we would hang on to something we need to let go of and vice versa,

we wouldn’t be able to keep the world spinning,

we wouldn’t be able to prevent tragedies or pull off redemption, and

we couldn’t save anyone from their sins.

These are just a few of the reasons we can’t be first.

So then we are left to pray away this stubborn, misguided will that feeds us the ridiculous notion that we can do this thing better than God. We have skinned our knees so blessed many times, and we still think we won’t fall down over this or that. Our decisions have been flighty and error filled, and we remain convinced we have the whole thing figured out. God holds none of this against us. But He’d like for us to open up our eyes and see. It is in our best interest that He is over everything, since He cannot make such mistakes.

Colossians 1:18 speaks beautifully about Jesus’ positioning—the “preeminence” of Christ (KJV), which, in several translations, is substituted with first place (HCSB) or simply first. As Paul was writing to the church at Colossae, during his imprisonment in Rome, he was reminding people he had never met and only heard of that Jesus is enough. (This issue, the one we still struggle to grasp, is at the core of prioritization: do we believe He is enough?) These believers’ reputation for mixing elements of paganism and secular philosophy with their Christian beliefs had reached Paul, and he was eager to give them a healthy dose of reality: “Look at all Jesus has done for you; remember who Jesus is; now make him number one” (vv. 12–23, author’s paraphrase).

From Paul’s words to our eyes, minds, and hearts today.

When we are tempted to take back authority in our lives, Jesus first.

When we forget how much we have made a mess running things, Jesus first.

When we start to think we might just want to take another crack at it and see how it goes, Jesus first.

Right now,

  • look at all Jesus has done for you.
  • remember who He is.
  • decide if that is worth making Him number one.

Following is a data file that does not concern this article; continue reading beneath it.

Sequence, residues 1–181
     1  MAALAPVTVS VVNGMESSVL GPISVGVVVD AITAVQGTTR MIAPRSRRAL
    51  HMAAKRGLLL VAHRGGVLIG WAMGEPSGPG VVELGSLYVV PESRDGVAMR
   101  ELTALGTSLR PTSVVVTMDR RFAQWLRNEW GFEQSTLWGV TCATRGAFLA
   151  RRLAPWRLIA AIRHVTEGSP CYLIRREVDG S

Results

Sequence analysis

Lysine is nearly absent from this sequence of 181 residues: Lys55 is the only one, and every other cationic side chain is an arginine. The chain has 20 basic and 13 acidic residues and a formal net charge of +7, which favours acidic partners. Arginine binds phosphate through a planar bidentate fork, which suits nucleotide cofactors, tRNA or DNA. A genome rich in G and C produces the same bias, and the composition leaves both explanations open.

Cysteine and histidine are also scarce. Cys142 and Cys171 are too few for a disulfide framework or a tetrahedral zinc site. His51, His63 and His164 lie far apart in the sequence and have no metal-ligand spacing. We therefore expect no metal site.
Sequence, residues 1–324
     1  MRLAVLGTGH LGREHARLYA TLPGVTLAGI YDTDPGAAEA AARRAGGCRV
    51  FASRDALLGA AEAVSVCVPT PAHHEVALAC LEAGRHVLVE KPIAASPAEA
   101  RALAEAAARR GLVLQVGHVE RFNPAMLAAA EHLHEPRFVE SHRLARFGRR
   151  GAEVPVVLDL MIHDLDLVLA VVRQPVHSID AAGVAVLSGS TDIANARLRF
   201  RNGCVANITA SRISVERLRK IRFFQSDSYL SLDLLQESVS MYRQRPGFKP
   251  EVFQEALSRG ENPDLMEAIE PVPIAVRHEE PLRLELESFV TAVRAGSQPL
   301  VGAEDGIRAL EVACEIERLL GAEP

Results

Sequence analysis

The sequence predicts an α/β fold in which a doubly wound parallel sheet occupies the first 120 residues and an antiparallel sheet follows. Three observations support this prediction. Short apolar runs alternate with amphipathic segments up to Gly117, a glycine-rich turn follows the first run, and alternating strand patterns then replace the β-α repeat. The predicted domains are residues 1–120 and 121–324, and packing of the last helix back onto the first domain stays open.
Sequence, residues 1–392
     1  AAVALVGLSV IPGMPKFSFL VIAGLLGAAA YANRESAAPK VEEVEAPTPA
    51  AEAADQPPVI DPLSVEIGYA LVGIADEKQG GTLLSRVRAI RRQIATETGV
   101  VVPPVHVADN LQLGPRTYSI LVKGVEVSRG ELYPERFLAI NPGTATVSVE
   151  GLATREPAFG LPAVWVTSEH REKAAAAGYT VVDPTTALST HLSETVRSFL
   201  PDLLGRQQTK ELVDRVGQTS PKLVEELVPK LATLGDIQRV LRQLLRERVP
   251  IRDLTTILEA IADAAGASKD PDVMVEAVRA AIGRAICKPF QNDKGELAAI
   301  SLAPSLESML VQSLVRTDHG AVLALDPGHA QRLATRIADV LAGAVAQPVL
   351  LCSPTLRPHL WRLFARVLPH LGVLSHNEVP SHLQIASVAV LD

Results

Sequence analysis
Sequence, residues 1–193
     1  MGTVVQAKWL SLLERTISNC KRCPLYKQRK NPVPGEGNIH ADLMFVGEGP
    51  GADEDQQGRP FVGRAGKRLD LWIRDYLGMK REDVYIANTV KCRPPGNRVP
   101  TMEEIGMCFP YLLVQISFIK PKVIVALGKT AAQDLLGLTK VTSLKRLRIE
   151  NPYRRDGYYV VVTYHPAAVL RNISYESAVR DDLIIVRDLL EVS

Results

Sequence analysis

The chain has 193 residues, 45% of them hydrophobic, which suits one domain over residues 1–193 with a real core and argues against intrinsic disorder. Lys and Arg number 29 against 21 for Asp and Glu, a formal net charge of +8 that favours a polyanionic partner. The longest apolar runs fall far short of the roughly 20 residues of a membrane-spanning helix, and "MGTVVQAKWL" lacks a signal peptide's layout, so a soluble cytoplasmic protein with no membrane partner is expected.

I talk with people for a living, which is a humorous plot twist for a shy introvert who grew up hiding under tables at steak houses on Sunday afternoons after church so people wouldn’t talk to me. Long before the Jesus over Everything podcast, I was traveling to places and speaking, meeting people at book tables and praying with them at altars, sandwiched between bleacher conversations with my kids’ schoolmates’ parents and coffee dates with friends and fellow life journeyers. I don’t know how many people I’ve talked to in my life, but I do know this: we say many of the same things:

I apologize for everything.

I overbook myself because I don’t want to let people down.

I get in my head and go down so many negative mental roads.

I constantly feel the need to explain myself.

We have the same look on our face with every confession: one of defeat, frustration, and pain. We long for that simpler life, where none of this is so complicated—people say what they mean, we take each other at face value, we don’t feel such pressure to please or keep up, we leave room for mistakes, we don’t feel used, and we stay committed at all costs. We have the same hopeful standards for ourselves, even if we see the gaps more clearly in others. We live in this land where overeverything rules, except Jesus isn’t at the core of any of it or it wouldn’t be so out of whack.